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Music and the Mind: March 2008 Archives

Musick has Charms to Sooth

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Sleeping Dog

New classical CD aimed at calming dogs

By Amy Hollyfield ABC 7 News

Classical music can often calm our heart rate down in traffic, but can it also affect our dogs? A music teacher in Half Moon Bay has just released a new CD specifically targeting out of control canines.

The call of the wild isn't always welcomed indoors. You can't exactly tell that to Sanchez and his friends, but what if music can call the wild right out of them?

Music teacher Lisa Specter accidentally discovered that certain kinds of music she played seemed to bring the energy level down a notch in the dogs she was pet sitting, and also in her very energetic yellow lab.

"I noticed that when I played the piano and when I played certain kinds of music, that he would slow down, lie down and go to sleep within a very short period of time," said Lisa Specter, creator and composer.

She started leaving the music on when she left Sanchez home alone, and he never ate another pair of diamond earrings or destroyed parts of her piano again. Until one day when she couldn't find her CD and tried some different music.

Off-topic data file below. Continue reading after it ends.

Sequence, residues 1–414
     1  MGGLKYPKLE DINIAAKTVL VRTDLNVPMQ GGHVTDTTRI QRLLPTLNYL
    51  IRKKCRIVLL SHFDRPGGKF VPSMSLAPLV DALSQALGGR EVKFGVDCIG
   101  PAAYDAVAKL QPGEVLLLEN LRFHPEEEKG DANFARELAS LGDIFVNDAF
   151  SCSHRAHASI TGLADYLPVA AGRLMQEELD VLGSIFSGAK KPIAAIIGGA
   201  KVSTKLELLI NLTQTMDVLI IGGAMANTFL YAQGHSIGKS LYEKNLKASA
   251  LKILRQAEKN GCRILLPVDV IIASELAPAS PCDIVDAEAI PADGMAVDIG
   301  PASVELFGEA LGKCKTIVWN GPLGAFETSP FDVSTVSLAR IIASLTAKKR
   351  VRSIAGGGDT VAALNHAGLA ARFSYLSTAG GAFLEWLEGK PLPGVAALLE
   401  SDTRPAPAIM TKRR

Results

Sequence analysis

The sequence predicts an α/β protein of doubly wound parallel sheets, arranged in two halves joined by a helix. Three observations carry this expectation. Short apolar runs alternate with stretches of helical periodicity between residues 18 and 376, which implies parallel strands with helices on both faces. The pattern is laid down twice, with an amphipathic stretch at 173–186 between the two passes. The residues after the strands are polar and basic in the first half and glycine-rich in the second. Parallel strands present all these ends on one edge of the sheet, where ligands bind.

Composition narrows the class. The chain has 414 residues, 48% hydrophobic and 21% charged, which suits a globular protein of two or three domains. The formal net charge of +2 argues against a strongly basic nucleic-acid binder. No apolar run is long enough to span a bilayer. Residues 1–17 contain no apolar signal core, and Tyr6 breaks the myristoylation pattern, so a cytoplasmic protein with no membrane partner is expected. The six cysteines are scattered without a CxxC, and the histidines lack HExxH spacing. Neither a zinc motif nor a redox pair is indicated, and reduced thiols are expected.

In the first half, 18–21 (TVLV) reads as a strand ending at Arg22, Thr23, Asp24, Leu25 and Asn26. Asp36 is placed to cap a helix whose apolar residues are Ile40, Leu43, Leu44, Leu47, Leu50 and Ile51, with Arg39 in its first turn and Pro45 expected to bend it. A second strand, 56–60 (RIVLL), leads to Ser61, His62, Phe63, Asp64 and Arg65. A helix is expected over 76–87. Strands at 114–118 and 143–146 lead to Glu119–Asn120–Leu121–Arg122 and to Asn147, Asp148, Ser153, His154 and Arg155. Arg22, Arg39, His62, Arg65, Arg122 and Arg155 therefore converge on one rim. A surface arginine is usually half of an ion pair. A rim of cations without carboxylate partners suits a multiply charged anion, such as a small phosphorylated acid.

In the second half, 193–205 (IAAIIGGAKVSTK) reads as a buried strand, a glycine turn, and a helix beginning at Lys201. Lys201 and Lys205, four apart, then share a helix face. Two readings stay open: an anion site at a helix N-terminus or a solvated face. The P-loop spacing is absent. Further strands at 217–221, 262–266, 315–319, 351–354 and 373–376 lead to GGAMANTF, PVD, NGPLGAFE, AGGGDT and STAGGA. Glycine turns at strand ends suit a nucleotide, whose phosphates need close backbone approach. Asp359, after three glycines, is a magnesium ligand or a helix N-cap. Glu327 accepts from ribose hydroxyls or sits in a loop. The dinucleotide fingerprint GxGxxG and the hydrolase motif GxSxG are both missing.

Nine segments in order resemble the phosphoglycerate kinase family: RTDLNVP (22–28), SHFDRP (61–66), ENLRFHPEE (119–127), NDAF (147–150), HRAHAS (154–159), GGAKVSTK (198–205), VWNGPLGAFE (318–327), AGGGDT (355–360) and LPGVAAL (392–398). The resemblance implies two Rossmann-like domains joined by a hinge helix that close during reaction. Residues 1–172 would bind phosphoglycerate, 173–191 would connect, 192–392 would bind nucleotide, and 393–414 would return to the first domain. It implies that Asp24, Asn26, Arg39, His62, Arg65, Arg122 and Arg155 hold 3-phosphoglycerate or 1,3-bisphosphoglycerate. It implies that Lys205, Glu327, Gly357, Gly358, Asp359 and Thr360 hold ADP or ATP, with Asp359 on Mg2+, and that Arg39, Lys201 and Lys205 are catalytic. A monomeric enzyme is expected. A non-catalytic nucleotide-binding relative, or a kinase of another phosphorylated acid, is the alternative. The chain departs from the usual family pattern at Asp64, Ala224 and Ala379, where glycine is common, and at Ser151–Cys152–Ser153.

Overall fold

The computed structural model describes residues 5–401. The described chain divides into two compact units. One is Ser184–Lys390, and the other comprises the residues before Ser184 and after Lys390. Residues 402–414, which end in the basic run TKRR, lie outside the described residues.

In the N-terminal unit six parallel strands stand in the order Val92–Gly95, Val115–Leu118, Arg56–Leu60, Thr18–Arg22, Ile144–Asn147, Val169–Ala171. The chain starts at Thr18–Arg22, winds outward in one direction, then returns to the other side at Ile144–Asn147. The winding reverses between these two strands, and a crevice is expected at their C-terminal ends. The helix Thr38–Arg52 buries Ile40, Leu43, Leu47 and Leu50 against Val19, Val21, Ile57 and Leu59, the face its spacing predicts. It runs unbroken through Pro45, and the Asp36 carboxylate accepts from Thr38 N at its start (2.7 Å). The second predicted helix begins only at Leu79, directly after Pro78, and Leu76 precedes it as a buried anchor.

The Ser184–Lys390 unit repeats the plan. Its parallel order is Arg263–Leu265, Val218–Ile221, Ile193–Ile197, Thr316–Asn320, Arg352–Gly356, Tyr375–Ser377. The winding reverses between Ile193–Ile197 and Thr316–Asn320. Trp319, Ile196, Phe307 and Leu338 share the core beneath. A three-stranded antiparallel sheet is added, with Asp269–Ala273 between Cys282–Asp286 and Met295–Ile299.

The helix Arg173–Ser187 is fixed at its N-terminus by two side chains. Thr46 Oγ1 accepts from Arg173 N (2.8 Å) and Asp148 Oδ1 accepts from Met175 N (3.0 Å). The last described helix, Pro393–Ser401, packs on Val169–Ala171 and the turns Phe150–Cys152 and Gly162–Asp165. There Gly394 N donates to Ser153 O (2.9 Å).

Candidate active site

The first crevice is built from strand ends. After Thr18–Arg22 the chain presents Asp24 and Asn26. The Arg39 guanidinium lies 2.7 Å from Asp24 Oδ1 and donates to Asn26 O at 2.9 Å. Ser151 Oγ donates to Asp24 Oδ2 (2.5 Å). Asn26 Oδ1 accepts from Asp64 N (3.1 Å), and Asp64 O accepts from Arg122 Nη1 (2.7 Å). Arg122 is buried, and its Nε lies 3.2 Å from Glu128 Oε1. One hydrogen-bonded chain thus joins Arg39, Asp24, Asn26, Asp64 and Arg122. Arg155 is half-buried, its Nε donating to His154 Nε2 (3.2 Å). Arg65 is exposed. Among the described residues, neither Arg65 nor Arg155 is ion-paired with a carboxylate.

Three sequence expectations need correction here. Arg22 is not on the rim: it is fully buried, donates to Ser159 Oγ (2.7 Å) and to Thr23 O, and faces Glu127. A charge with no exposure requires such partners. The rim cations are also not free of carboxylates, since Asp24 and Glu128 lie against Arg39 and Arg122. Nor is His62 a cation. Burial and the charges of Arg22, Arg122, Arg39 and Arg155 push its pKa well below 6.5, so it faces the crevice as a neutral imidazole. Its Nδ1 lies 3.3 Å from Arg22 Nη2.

"It was still slow and I thought 'oh this will work, it's really ok,' and I came back and pillows were torn apart and tissues from the trash were all over the place. He was not a happy dog," said Lisa Specter.

Now she realized she was on to something. So she took her discovery and her questions to psycho acoustic sound researcher Joshua Leeds. Four different CDs and 150 dogs later they zeroed in on the music that can calm our canines.

Read more about this at the KGO/ABC 7 News website:

   http://abclocal.go.com/kgo/story?section=news/local&id=6005162

Tales of Music and the Brain

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Musicophilia by Oliver Sacks

The Musical Mystery
By Colin McGinn

Musicophilia: Tales of Music and the Brain
by Oliver Sacks
Knopf, 381 pp., $26.00

Music is so ubiquitous and ancient in the human species – so integral to our nature – that we must be born to respond to it: there must be a music instinct. Just as we naturally take to language, as a matter of our innate endowment, so must music have a specific genetic basis, and be part of the very structure of the human brain.

An unmusical alien would be highly perplexed by our love of music - and other terrestrial species are left cold by what so transports us. Music is absolutely normal for members of our species, but utterly quirky. Moreover, it is known that music activates almost all the human brain: the sensory centers, the prefrontal cortex that underlies rational functions, the emotional areas (cerebellum, amygdala, and nucleus accumbens), the hippocampus for memory, and the motor cortex for movement. When you listen to a piece of music your brain is abuzz with intense neural activity.

Read the complete review at the New York Review of Books website:

   http://www.nybooks.com/articles/21059

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